What you need to know:
- County Chief of Staff says it will be Gor Mahia’s home ground
- The project stalled after Nema stopped it in 2014 and payment of the contractor was also delayed
- The county government had set aside Sh369 million for the stadium, but promises to complete the mega project remain empty
The County Government of Homa Bay has yet again given a new June deadline to finish construction of Homa Bay Stadium which began in 2014.
Soon after the project kicked off, the National Environmental Authority (Nema) stopped it citing non-compliance with regulations. The matter was solved in 2019, and construction work resumed.
The county government had set aside Sh369 million for the stadium, but promises to complete the mega project remain empty.
And as the region is grappling with a shortage of sporting facilities, young talents are going to waste.
Since the introduction of devolution in 2013, the county government has not done anything notable in sports. But authorities now say that the stadium, which is located along the Homa Bay-Rongo road, will be ready by the end of June.
Homa Bay is the historical home of record Football Kenya Federation Premier League champions Gor Mahia Football Club which traces its roots to Ndhiwa Sub-County, where Gor Mahia, a paramount chief, hailed from.
Ironically, there is no stadium in Homa Bay for the team, which arguably has the biggest following in Kenya, to host its home matches. As a result, Gor Mahia is using Moi Stadium in Kisumu County as their home ground.
Speaking to Nation Sport on Wednesday, Homa Bay County Chief of Staff Eliud Otieno said that they have instructed the contractor to finish the project by June.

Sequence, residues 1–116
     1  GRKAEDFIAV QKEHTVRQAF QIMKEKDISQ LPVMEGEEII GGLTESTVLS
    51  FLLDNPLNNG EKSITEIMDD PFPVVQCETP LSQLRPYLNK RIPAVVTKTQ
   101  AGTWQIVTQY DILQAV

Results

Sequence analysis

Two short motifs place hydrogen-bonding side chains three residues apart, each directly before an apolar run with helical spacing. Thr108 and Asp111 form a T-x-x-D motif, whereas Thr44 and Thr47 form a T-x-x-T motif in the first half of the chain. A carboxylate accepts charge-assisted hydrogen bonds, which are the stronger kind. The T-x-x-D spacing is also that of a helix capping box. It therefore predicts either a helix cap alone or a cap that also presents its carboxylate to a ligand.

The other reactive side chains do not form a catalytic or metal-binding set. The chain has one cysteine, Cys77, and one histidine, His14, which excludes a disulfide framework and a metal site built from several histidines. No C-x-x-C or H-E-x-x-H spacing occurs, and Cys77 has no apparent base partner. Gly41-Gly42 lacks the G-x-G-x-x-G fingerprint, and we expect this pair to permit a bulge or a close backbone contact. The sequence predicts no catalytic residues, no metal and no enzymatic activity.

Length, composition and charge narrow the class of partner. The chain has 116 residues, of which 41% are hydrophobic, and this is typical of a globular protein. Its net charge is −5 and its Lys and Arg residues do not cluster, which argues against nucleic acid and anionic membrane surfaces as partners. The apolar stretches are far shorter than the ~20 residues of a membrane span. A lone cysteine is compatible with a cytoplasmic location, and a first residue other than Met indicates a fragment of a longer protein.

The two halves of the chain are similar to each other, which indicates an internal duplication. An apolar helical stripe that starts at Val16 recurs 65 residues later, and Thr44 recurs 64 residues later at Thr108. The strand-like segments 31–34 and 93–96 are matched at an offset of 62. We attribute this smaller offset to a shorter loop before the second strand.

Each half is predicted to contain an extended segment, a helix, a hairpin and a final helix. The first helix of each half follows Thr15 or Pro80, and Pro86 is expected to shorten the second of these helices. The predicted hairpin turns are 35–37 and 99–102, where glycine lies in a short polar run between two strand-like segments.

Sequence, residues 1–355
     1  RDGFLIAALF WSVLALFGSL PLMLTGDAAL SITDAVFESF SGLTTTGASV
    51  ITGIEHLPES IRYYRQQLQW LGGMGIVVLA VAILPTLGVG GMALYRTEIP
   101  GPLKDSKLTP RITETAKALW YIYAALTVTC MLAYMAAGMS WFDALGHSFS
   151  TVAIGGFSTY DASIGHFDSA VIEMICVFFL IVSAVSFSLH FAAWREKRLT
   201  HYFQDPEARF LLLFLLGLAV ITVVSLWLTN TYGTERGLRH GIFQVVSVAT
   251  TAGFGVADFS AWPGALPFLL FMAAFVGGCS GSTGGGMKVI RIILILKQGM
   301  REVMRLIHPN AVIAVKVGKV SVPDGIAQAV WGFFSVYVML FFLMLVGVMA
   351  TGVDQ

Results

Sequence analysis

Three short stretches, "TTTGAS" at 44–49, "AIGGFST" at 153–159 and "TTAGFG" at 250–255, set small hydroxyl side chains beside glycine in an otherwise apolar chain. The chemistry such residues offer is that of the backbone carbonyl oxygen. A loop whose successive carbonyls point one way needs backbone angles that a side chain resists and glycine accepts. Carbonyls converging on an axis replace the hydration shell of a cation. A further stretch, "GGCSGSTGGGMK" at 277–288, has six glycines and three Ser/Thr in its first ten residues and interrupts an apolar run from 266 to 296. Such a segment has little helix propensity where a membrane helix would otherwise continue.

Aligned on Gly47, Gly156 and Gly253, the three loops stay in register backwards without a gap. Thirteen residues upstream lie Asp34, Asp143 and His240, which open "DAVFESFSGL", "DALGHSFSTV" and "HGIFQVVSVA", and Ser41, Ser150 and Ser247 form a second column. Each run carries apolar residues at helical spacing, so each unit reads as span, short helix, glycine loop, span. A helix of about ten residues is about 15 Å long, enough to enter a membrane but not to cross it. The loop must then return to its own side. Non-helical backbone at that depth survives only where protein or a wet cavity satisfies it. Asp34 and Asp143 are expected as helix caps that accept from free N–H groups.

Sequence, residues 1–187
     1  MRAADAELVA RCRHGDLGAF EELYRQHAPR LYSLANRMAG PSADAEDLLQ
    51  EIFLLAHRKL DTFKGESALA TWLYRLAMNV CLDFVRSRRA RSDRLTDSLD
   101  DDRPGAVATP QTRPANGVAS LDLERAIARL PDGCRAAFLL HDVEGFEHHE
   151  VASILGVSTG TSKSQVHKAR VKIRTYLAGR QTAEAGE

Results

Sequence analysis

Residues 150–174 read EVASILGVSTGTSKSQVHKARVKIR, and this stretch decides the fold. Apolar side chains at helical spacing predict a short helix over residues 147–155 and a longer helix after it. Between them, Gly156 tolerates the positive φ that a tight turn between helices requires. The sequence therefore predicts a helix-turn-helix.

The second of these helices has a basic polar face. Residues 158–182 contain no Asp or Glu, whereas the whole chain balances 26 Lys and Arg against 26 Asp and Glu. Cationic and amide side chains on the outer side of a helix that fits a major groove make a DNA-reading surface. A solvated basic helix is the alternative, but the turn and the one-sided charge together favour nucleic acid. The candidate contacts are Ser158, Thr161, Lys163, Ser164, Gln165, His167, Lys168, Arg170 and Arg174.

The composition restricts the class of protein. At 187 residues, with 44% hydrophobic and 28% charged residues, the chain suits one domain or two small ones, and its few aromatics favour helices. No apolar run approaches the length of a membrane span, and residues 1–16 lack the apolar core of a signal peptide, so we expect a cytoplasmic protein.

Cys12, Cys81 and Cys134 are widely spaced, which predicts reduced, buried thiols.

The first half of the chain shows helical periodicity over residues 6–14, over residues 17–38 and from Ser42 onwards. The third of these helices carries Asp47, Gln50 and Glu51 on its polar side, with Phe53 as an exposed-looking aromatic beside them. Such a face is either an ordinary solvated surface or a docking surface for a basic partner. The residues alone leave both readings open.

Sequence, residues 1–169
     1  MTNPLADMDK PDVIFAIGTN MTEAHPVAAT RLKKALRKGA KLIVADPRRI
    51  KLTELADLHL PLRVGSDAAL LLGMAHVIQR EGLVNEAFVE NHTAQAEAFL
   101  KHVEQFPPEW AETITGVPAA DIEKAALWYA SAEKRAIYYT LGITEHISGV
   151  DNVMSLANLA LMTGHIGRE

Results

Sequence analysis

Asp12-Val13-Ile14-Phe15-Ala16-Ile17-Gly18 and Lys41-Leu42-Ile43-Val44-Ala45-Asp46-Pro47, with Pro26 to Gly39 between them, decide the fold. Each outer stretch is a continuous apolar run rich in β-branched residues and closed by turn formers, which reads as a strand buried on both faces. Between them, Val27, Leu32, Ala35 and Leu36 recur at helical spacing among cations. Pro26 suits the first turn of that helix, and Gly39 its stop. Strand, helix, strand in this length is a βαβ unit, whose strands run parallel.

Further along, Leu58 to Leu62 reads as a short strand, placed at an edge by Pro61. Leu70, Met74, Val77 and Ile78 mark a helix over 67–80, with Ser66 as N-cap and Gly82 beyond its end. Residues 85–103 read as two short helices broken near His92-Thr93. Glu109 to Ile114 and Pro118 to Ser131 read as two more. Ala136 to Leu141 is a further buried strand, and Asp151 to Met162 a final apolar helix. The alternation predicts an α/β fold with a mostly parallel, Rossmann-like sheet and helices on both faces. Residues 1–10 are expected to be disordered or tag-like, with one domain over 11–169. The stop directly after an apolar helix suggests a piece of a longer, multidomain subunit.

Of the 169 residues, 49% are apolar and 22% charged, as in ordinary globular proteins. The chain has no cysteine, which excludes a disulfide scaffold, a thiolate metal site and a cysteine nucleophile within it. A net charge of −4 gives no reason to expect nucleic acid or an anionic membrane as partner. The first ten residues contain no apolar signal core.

“The construction of the 15,000-seater capacity stadium is expected to be completed by the end of June. Upon completion, it will be the home ground for our beloved Gor Mahia. Both national and international sports activities will also be held at the stadium,” said Otieno.
Work that was supposed to have been done at the site includes clearing and levelling of the playing ground, putting up the main pavilion, laying of a murram running track, installation of an underground irrigation system and a drainage system.
A spot check by Nation Sport on Wednesday established that the contractor had so far cleared the site, erected a perimeter wall, levelled the playing surface and built an office store. A foundation for a murram running track had been done, and pipes for installation of underground irrigation were at the site.
The main pavilion that will accommodate 5,000 people is nearing completion. Under the pavilion, which has an overlapping roof to cover spectators, there are offices that will house officials of the sports department.
Two new changing rooms fitted with modern amenities have been incorporated in the main pavilion.
Workers from Six Eleven Construction Limited, a company that was awarded the stadium tender, are racing against time to complete the project within two months.
The site manager Abdihakim Mukutar said that the pavilion should be ready in two weeks, after which they will start working on the playing surface and the running track.
Mukutar said that the county government had paid part of the money, and that is why they are working round the clock to finish work within the shortest time possible.
“We are putting the final touches on the pavilion after which we will embark on the running track and the playing surface,” Mukutar said.
Other features expected at the stadium, once its finished, include four other pavilions that can hold 3,000 people, six spectator stands with a capacity of 2,000 people each and an inner perimeter.
Homa Bay Branch Football Kenya Federation Chairman Samuel Ondiek regretted that there is a lot of untapped talent in the region because upcoming sportsmen and women do not have a training ground.
The county government has been at pains to explain why the multi-million shilling project is yet to materialise.